• UI; with all UI related files; ViewControllers, Views, Storyboards and NIBs.
  • AB Tests; here we define AB tests we use in this feature.
  • Handlers; here are implementations of handlers we can define. For example, it’s possible to register a handler for ApplicationContinueActivity delegate this way a module can decide itself if it should handle this and if so what to do.
  • Model; for all model classes
  • Network operations; we define our network request as HttpOperations. HttpOperation is a protocol, for a specific request we implement a HttpOperation, here you can find these operations.

In other words, all stuff related to the feature should be in the feature module, not more not less.


Remember that example where we wanted to show a product detail screen when tapping on a product in the wishlist? In the past, we just separated features into different groups within one project. So this gave us the possibility to use code from other features.

We implemented the features in separate modules and ended up with multiple modules that don’t know anything about each other anymore. But we still want to be able to open that product detail screen when tapping on a product in the wishlist.

But … how? All these dependency magic is done by adding a ‘man-in-the-middle’ module; dependencies. This module will take care of the dependencies between features. Features don’t reference each other but only reference that dependency module. The dependency module shouldn’t contain any implementation classes. It’s only glue between features.

If we want to open a product detail view when tapping on a product wishlist we need something like a ProductViewControllerProvider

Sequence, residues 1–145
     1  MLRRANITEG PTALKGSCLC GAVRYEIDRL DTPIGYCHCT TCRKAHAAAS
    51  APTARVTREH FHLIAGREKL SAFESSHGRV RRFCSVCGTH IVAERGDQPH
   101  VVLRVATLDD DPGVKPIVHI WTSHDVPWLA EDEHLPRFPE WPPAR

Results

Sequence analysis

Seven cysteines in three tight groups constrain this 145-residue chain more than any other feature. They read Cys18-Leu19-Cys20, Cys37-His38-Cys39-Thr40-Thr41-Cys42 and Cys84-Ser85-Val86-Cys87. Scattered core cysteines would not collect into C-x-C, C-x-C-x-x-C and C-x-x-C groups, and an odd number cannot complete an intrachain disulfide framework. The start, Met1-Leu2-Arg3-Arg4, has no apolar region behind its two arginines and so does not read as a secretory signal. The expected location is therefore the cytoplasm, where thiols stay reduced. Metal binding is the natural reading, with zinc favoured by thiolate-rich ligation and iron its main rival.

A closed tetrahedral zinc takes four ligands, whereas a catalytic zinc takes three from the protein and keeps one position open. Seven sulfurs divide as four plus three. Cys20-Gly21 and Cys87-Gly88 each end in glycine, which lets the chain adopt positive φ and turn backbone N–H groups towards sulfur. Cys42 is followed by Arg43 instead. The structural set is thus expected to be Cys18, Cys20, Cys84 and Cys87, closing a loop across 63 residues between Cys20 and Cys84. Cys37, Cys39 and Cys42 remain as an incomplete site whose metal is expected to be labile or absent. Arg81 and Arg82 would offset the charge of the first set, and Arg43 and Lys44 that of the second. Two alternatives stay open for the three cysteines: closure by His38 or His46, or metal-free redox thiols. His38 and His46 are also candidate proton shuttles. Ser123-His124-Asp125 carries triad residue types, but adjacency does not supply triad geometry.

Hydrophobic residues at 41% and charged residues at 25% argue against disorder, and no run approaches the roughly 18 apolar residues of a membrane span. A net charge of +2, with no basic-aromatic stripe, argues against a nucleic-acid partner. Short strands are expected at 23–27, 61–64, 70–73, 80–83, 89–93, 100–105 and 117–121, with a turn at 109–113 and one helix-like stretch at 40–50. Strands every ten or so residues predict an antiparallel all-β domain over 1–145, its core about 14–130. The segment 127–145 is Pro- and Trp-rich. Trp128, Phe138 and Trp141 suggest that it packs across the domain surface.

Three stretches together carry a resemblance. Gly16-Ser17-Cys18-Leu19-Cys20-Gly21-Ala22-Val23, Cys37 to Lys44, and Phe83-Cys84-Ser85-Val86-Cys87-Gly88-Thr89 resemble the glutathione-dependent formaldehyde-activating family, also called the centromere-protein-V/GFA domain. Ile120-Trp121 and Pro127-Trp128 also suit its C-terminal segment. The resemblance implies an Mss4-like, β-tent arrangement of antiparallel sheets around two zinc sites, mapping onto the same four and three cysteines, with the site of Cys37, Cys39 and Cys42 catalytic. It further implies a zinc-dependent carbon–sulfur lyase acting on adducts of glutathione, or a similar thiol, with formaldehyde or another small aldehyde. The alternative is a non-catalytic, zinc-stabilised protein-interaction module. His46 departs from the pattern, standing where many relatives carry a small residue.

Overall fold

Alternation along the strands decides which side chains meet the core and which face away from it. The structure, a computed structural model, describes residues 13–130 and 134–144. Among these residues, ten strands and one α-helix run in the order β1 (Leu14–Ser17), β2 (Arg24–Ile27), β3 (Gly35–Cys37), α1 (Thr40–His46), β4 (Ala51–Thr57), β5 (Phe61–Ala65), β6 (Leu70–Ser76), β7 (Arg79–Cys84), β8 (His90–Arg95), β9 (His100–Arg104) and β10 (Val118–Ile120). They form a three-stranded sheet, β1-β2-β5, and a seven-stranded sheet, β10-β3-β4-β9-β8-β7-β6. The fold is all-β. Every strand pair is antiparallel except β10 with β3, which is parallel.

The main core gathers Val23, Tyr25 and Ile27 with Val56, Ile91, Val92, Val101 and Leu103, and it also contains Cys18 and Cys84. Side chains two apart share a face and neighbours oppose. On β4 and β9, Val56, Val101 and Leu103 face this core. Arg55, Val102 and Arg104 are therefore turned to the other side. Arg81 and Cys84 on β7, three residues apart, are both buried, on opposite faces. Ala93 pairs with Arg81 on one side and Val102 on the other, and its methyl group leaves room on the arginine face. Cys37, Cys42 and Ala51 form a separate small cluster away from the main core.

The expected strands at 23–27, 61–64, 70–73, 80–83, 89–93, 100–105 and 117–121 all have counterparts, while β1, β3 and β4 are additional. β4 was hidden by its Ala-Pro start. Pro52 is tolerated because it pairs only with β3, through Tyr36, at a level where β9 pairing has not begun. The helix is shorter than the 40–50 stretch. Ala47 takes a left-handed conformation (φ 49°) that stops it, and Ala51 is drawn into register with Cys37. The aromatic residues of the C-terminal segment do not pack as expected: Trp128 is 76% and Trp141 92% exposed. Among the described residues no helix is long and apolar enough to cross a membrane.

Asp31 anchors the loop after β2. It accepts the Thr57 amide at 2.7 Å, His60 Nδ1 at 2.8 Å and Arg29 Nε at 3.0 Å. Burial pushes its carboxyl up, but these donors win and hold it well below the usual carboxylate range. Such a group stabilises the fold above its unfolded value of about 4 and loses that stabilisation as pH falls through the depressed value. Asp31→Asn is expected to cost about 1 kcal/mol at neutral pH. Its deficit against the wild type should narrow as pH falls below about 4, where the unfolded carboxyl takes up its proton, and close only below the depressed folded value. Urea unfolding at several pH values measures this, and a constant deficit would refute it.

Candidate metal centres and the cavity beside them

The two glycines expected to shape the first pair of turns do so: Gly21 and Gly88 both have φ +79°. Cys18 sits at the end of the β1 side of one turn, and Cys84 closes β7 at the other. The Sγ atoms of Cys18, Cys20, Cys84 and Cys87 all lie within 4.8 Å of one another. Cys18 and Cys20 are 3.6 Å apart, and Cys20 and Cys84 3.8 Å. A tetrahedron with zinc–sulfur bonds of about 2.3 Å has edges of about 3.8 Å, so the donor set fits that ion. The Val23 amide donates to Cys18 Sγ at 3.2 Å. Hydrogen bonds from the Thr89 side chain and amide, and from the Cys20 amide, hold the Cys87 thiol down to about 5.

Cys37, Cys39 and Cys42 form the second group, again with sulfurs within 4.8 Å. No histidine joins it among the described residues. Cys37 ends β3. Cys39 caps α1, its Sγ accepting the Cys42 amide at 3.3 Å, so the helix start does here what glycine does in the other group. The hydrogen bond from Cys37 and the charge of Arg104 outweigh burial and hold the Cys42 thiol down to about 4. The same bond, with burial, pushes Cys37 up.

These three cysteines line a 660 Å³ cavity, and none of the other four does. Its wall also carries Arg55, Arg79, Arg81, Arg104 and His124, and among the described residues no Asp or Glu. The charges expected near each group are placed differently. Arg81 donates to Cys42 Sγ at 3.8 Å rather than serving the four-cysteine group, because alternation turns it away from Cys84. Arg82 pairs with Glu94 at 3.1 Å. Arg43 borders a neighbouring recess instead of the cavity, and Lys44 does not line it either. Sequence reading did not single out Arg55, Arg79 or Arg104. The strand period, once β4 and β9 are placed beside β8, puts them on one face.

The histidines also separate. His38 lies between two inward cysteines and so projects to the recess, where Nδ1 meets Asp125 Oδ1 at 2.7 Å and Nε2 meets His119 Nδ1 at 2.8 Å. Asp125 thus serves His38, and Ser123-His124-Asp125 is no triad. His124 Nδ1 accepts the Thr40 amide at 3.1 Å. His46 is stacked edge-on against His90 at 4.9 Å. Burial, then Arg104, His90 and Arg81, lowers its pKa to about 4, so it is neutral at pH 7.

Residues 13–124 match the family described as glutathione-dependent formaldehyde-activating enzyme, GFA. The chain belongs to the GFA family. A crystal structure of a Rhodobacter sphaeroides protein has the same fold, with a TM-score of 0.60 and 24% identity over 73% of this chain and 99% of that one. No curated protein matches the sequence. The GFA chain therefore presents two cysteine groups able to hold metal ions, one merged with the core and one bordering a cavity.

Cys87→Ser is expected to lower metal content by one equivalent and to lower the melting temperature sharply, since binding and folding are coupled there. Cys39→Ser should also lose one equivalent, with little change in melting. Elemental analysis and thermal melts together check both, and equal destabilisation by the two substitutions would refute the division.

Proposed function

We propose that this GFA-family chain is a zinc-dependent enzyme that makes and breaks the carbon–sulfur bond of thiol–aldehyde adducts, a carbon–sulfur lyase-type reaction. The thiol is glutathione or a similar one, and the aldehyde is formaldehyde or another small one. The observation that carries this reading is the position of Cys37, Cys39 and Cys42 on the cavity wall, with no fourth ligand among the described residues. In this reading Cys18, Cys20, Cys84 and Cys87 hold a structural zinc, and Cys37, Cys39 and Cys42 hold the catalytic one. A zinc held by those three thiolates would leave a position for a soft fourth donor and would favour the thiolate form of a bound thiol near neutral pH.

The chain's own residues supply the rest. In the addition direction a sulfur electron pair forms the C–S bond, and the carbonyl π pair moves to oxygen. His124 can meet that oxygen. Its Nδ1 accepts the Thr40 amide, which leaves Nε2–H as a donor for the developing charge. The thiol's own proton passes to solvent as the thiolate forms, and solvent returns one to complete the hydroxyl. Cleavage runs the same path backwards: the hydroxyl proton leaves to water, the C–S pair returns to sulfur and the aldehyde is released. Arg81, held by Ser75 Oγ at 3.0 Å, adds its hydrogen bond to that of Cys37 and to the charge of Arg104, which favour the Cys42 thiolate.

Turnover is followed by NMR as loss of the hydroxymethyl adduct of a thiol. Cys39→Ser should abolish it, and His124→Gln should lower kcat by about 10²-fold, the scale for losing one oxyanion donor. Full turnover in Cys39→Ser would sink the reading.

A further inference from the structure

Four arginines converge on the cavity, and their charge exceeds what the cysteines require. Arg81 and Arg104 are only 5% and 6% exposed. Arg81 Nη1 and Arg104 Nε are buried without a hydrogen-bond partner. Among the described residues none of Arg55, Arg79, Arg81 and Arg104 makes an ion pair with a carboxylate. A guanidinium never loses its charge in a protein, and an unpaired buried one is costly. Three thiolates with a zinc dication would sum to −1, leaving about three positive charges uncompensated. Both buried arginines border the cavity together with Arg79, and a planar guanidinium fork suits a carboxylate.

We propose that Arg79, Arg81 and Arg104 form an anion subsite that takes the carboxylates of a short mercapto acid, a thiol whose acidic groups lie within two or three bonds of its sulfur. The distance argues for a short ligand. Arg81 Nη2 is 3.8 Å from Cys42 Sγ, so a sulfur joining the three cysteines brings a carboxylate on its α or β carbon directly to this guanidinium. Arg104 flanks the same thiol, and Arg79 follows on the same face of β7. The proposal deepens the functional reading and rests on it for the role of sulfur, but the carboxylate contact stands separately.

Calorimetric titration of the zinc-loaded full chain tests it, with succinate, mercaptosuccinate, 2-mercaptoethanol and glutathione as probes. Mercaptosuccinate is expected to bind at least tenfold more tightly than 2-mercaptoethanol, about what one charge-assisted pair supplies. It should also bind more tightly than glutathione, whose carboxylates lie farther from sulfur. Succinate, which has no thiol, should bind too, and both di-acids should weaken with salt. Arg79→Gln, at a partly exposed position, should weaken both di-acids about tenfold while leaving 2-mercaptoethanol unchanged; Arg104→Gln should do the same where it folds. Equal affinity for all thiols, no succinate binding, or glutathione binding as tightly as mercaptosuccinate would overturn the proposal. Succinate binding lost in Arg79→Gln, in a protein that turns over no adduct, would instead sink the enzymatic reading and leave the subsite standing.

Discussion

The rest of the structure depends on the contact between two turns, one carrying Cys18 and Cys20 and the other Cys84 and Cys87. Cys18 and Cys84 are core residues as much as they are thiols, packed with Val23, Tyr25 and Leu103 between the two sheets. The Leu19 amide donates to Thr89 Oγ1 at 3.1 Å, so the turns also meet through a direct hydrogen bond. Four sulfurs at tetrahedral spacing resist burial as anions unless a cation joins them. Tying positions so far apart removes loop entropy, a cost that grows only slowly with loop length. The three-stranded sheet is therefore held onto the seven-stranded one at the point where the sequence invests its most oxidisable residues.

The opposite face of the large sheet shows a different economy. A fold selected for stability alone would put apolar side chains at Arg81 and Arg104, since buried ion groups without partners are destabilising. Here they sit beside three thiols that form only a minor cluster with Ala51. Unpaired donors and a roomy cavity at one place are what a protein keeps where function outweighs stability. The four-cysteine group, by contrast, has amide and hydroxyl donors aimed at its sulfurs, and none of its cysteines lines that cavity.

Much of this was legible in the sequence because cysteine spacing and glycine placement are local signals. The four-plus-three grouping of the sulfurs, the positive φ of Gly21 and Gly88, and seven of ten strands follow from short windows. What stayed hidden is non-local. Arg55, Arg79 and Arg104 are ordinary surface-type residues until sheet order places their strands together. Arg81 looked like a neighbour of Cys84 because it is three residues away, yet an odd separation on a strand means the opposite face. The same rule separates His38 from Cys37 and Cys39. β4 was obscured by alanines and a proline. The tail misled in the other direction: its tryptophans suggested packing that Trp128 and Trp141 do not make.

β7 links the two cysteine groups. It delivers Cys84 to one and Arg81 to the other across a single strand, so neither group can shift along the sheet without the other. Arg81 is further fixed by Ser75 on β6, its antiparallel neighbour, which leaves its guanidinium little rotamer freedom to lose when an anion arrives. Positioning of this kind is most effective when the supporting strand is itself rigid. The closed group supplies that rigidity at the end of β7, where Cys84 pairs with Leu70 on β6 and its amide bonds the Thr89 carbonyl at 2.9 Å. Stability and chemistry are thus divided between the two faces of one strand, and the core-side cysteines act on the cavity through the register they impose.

So what we could do is introduce a class ProductViewControllerProvider in dependencies which can provide the wishlist module with the right viewcontroller so it can show it. But this way we give dependencies module too much knowledge about the implementation. It shouldn’t know how to create a viewcontroller to show a product. The only one who knows this is the Shopping feature where the viewcontroller really lives.

So we need some abstraction here …

Only protocols

That’s where we can benefit from using dependency injection and protocol oriented approach from the beginning. The protocols are the glue, and the dependencies module exists for the glue. So dependencies should contain protocols, not implementations.

For our product detail from wishlist example this results in something like this:

  1. In Wishlist feature, we implement the list of products that are on the wishlist.
  2. In dependencies we have a protocol ProductViewControllerProvider with method getProductViewController() -> UIViewController.
  3. In shopping feature, we have the implementation of ProductViewControllerProvider that knows how to create the viewcontroller and returns it.
  4. Via dependency injection, we define in shopping module that for protocol ProductViewControllerProvider the implementation in shopping module should be used.

What now?

From the moment we created a base implementation by introducing core, coreUI, and dependencies we decided to modularize feature by feature. Picking up one or 2 features per sprint. At the moment we have done about 80% of existing features. For new features, we will create a new module.

Happy modularizing!

Thank you for taking the time to read this story! Feel free to leave your comments and ask questions! And share your own experiences with modularizing your app.

Also, I work for Wehkamp one of the biggest e-commerce companies of the Netherlands. We do have a Tech blog, check it out and subscribe if you want to read more stories like this one. Or look at our job offers if you are looking for a great job!